“The stress of caring for stroke survivors can affect the mental and physical health of caregivers and lead to decline in quality of life.” Peii Chen, Kessler Foundation
EAST HANOVER, N.J. (PRWEB)
October 01, 2020
Researchers at Kessler Foundation are conducting a study in family caregivers of stroke survivors, using an ecological momentary assessment method to collect data on caregivers’ behavior and experience in real-time, real-life settings. Peii Chen, PhD, senior research scientist in the Center for Stroke Rehabilitation Research, is the principal investigator for the pilot study, “Ecological Momentary Assessment for Burden and Stress among Stroke Caregivers,” which is funded by the New Jersey Health Foundation.
“The stress of caring for stroke survivors can affect the mental and physical health of caregivers and lead to decline in quality of life. These negative effects can be exacerbated when recovery is complicated by spatial neglect, a common but hidden disability that affects 30% to 50% of survivors. Spatial neglect increases the risk for falls, prolongs hospitalization, and impedes rehabilitation outcomes,” explained Dr. Chen, “and complicates the job of caregiving provided by family members. Documenting stress levels and triggers is essential to developing interventions that lower stress and burden among family caregivers.”
Instead of relying on traditional methods of self-reporting, Dr. Chen’s study uses a technology-based experience sampling method (ESM) to record users’ experiences as they occur naturally in daily life. The study incorporates a platform by ExpiWell that is useful for creating studies in clinical populations and collecting data via ESM. The platform’s mobile app enables caregivers to enter their experiences in real time during everyday activities, avoiding the biases inherent in self-reporting. Participants in Dr. Chen’s study receive prompts to use the mobile app to record their experiences four times a day for one week.
By facilitating the science of studying what people do, feel, and think in their day-to-day lives, ESM is emerging as a powerful tool for researchers in many fields, according to David Torres, PhD, CEO of ExpiWell. Using ESM increases external validity, an important consideration for researchers. “Less reliance on memory provides a more accurate picture of an individual’s daily experiences,” said Dr. Torres, “and with repeated measures over time, assessment error is reduced. With the app, researchers also gain the ability to collect images, video, and audio, greatly expanding the possibilities for data collection.”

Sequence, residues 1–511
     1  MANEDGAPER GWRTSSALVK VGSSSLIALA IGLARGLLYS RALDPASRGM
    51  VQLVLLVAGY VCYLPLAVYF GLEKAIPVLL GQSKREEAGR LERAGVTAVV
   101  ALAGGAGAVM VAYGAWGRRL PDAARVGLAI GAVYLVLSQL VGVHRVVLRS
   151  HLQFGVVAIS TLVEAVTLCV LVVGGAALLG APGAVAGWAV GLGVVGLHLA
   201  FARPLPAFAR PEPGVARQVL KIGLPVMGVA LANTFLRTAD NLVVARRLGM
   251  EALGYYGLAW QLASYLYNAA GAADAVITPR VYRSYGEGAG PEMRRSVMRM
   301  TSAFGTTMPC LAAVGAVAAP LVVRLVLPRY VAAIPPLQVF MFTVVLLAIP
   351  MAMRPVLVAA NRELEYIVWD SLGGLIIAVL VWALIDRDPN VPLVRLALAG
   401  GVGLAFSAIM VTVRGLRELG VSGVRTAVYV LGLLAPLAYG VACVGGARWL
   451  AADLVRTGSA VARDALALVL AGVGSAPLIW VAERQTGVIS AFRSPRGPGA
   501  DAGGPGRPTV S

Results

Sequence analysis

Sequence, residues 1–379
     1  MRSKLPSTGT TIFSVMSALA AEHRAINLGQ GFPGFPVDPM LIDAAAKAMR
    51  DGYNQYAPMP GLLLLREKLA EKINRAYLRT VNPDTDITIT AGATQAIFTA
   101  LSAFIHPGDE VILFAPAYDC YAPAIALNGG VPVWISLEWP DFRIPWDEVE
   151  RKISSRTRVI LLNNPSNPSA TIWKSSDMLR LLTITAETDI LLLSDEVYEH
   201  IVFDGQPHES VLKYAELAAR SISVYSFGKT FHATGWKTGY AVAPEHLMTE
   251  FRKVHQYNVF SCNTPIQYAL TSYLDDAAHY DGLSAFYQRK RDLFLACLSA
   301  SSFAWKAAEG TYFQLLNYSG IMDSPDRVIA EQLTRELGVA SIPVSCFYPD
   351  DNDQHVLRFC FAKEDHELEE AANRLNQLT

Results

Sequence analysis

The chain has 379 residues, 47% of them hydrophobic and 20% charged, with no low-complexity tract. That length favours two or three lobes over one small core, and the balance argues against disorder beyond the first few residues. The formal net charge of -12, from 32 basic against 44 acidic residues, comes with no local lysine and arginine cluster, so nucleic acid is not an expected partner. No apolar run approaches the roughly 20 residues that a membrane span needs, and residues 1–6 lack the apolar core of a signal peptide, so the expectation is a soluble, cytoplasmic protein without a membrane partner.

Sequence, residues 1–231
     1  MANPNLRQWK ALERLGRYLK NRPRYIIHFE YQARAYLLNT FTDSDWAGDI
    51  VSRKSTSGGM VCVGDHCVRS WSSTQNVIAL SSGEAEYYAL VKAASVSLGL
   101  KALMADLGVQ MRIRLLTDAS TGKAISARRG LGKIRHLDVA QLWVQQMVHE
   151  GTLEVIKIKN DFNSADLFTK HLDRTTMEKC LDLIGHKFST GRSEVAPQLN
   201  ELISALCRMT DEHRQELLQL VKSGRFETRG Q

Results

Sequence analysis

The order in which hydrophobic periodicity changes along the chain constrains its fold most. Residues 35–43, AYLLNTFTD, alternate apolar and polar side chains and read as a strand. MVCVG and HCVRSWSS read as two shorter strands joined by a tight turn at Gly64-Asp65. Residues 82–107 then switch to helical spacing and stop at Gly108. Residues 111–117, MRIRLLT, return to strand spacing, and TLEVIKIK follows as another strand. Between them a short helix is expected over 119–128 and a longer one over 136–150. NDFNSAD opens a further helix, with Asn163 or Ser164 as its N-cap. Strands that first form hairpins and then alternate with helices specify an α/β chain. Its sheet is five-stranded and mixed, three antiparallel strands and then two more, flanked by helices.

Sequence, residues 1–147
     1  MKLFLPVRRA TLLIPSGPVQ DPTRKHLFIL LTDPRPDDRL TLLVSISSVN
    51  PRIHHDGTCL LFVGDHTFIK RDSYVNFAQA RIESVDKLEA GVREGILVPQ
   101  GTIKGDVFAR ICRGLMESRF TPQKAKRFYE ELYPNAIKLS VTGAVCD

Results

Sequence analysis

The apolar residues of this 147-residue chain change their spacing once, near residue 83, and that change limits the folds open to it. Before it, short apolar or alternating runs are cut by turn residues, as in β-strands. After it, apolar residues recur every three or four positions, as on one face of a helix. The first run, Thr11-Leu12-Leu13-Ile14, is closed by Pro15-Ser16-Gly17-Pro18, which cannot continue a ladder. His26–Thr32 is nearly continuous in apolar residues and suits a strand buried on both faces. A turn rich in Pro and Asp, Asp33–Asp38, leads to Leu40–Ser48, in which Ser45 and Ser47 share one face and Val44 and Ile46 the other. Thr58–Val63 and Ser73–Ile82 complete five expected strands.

Dr. Chen plans to expand her research into stress reduction for caregivers. She sees potential for ESM in other areas of rehabilitation research as well. “This approach is promising for studies of other populations, especially those with cognitive issues that hinder treatment for stress and anxiety,” she said. “We foresee the ability to manage the symptoms of stress remotely by implementing real-time intervention strategies through smart technologies like ExpiWell.”
About ExpiWell, Inc.
ExpiWell was created by leading social scientists at Purdue University and is powered by the latest in Experience Sampling Methodology. ExpiWell provides researchers with cutting-edge mobile app technology alongside advance data visualizations and a participant marketplace. ExpiWell technology allows leaders to send pulse assessments to understand what their community is thinking, feeling, and doing in real-time. To learn more, visit: http://www.expiwell.com
About Kessler Foundation
Kessler Foundation, a major nonprofit organization in the field of disability, is a global leader in rehabilitation research that seeks to improve cognition, mobility, and long-term outcomes — including employment — for people with neurological disabilities caused by diseases and injuries of the brain and spinal cord. Kessler Foundation leads the nation in funding innovative programs that expand opportunities for employment for people with disabilities. For more information, visit KesslerFoundation.org.
For more information, or to interview an expert, contact:
Carolann Murphy, 973.324.8382, CMurphy@KesslerFoundation.org.
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